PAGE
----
Watch the video to learn what kind of system requirements you'll need to get the most of these tips.
|Although each kit in Battlefield 2 certainly has its own particular role to play, you may find that some are more flexible than they appear at first glance. While we have an entire tip coming up for the uses of the antitank weapon, we'll go over a few of our other favorite kits in this section. |
The medic kit
First up is the medic kit. Medics are quite popular in squad combat due to the fact that they can heal other players and even revive them from the dead. But they also happen to pack a weapon that's similar in power to those of the assault class from the same side, albeit slightly weaker.
For instance, Marine medics get the same M16 that the Marine assault class does, minus the grenade launcher. Because the assault weapons are usually quite powerful in their own right, medics can often make excellent base defenders--especially when attempting to hold flags that have to be taken by infantry, such as the central flag on the Sharqi Peninsula. Simply drop a few med packs in a well-concealed area, hunker down, and wait for enemies to come to you. If you remain concealed, you should be able to kill any individual soldiers that come to take your flag; if you take damage, then just roll over one of your med kits to heal yourself again.
On the other hand, if you prefer to be a true lone wolf and fire away at people while not defending or advancing toward a flag, the same tactic can be used when you're hiding in some dark corner of the map where no one would expect a player to be sitting. The assault rifles given to medics and assault players aren't quite sniper rifles, but they're accurate over medium range. They're especially precise if you hit the 3 key to switch from automatic or burst mode to single-shot mode. (You'll notice a 1 appear in the lower-right corner of the screen underneath your ammo count when you're in single-shot mode.)
A medic with steady aim can pop unsuspecting enemies before they know where the attack is coming from, and lying down on top of a med pack heals the medic as he takes damage. The main drawback to this is that you'll run out of ammo quickly, and it can be difficult to convince a support trooper to resupply you or to ask your commander to drop a supply pack if you're not contributing to the team effort. Fry foes with a defibrillator
Also note that, if you're in a tight spot as a medic, you can actually use your defibrillator paddles as offensive weapons. If you can get close to an opposing soldier and "attack" him with the paddles, you'll get an instant kill, and your victim will be the laughingstock of the server. The problem with medics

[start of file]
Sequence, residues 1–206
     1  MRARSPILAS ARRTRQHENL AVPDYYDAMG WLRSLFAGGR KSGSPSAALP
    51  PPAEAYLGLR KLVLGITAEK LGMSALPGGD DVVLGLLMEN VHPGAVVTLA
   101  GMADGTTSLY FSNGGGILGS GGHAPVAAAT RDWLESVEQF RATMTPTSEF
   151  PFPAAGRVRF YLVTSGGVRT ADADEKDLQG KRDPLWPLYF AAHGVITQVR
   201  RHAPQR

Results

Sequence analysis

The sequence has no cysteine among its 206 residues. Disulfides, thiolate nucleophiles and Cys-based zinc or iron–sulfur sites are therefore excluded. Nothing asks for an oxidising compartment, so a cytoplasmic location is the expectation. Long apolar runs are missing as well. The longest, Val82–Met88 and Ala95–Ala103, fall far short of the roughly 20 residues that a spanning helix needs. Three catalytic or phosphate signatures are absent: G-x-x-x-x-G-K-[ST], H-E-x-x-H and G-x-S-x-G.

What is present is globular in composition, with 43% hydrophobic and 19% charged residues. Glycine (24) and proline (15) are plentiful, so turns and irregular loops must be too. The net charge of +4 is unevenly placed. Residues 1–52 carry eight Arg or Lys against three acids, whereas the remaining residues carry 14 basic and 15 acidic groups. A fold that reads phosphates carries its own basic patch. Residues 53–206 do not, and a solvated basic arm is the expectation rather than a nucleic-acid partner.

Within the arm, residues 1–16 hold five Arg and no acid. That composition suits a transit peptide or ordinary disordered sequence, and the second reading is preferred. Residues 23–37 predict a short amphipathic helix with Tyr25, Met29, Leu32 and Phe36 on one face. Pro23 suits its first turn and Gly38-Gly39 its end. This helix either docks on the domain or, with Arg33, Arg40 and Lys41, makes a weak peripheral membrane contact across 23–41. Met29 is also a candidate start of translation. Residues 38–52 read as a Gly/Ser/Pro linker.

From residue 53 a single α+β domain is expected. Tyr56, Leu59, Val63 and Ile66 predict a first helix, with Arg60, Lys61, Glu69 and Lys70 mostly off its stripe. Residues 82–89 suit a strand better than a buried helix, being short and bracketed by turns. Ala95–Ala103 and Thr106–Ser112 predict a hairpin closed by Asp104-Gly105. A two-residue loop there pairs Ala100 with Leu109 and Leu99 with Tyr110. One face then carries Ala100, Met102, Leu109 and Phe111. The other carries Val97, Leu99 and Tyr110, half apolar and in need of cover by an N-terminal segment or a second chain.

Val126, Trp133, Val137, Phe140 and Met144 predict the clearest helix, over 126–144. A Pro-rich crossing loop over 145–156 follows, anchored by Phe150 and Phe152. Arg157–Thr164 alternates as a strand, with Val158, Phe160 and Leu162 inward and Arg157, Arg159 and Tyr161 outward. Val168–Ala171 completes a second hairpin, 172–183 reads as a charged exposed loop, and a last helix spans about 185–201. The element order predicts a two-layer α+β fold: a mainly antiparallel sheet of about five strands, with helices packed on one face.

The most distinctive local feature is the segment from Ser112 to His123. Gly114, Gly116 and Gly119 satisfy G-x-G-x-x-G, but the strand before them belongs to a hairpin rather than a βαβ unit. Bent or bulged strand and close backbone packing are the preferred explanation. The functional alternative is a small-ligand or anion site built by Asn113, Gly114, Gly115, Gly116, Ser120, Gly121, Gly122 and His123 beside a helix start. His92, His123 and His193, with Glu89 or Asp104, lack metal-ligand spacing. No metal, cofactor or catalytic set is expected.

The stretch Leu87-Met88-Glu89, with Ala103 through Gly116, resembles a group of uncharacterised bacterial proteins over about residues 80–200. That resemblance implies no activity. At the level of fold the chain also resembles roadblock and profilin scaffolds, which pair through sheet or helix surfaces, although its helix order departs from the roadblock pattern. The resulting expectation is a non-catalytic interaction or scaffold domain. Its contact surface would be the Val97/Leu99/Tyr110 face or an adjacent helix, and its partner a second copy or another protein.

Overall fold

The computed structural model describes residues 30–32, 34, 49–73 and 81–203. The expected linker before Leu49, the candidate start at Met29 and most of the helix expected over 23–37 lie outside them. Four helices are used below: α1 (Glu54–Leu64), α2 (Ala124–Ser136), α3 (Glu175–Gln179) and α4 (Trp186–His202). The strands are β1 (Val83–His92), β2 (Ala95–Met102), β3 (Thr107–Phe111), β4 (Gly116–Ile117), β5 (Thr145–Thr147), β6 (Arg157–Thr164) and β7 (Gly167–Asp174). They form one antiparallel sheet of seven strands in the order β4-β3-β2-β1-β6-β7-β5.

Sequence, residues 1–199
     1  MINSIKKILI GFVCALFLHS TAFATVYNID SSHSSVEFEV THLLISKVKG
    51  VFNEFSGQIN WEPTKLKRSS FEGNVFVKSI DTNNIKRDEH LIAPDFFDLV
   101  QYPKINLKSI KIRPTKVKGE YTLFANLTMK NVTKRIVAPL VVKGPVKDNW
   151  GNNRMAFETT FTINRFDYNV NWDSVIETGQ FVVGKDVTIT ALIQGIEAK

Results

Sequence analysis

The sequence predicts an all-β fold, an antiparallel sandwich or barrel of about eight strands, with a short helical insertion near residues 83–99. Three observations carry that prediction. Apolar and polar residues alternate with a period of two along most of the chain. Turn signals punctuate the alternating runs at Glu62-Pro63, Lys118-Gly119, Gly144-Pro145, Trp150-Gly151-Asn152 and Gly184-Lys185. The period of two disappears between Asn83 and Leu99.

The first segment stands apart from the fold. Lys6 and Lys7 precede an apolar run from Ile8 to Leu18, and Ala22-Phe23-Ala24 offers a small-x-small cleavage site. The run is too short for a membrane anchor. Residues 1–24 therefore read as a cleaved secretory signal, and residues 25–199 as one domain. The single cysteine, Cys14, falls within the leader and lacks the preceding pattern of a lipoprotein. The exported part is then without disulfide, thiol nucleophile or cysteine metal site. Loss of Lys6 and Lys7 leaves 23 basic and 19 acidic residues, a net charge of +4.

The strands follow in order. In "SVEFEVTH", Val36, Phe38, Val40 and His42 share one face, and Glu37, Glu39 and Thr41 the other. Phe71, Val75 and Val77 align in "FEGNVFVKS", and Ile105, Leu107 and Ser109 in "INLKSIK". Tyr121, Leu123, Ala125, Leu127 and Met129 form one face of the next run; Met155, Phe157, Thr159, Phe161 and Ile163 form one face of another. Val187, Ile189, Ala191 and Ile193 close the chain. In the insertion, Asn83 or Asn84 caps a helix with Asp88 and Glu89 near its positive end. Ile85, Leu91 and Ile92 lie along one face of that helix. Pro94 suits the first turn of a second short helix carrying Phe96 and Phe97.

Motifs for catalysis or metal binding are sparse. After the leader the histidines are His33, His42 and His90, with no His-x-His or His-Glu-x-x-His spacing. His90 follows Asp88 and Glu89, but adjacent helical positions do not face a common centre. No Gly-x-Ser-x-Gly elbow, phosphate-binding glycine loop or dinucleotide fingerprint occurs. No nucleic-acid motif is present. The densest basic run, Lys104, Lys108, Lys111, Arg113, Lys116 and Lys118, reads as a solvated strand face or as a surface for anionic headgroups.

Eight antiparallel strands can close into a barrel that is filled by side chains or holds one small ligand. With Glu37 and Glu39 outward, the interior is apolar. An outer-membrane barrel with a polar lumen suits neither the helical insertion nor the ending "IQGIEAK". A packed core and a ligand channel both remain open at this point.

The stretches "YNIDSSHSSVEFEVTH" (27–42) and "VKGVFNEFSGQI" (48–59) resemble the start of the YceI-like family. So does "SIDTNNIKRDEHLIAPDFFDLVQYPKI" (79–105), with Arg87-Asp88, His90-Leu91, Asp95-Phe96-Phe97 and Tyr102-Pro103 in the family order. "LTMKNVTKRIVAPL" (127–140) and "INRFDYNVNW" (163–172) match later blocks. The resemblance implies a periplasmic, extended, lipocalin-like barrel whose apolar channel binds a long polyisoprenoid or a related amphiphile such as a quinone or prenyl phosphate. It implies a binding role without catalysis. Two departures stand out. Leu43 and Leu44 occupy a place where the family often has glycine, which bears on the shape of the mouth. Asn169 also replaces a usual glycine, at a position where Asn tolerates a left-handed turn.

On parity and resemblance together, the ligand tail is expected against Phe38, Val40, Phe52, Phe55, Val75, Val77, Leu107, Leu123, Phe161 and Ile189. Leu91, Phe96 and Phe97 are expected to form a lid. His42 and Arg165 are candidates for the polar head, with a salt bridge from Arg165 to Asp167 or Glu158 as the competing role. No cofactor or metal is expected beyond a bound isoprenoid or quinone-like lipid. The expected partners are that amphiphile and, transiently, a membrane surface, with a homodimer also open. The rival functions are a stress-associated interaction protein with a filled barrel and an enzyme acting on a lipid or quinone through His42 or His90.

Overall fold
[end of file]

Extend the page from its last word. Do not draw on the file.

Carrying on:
If the medics get the power of the assault-class weapon and the ability to heal themselves to boot, you may be wondering why anyone would play as an assault class. Well, there is the matter of body armor, for one thing, which cuts down on the damage you take when shot in the chest.
The default assault-class weapons also come with a powerful add-on in the form of a grenade launcher. On smaller, infantry-intensive maps, such as Sharqi Peninsula and Strike at Karkand, the grenade launcher lets you rack up the kills, but it does require practice to use it properly. Tips for effective grenade launching
The grenade launcher, as you might imagine, does damage in an area around its impact point. Although the damage decreases rapidly the farther away from the impact point you get, if you manage to land your grenade within a few feet of an opposing player, you'll usually be rewarded with an instant kill.
There are a few ways to increase your effectiveness with this weapon. Beyond practice, which is always valuable, try using it in single-player mode, and practice finding the proper distance against bots.
First off, whenever possible, try firing the grenade launcher from a higher elevation than your target. Since the grenades travel with a pronounced arc, it can be quite difficult to angle them correctly when firing at someone on the same elevation as yourself; the process is a bit more forgiving when you can fire downward at them.
You can also get good results by firing at any obstacles that happen to be near a target and letting the splash damage kill them; if someone's running past a wall, for instance, aiming a few feet up the wall is generally going to be an easier shot than attempting to lead them and aiming at their feet. It's quite easy to undershoot in this situation, so go for the surer shot.
If at all possible, though, it pays to just get close to your enemy before launching a grenade, or else let them come to you. Because the kill radius of the explosion is relatively small, you can blast people at close range without taking too much damage yourself so long as you're not firing at someone within melee range. This is most useful when defending a flag, as you know the basic radius within which defenders have to be to convert the flag. If you can find a spot overlooking the flag, then you'll be able to chuck grenades at anyone who enters the radius. If you wait a bit, most people attempting to capture a flag will actually lie down, giving you a bit of a larger target to aim at, since the grenade will come in at an angle.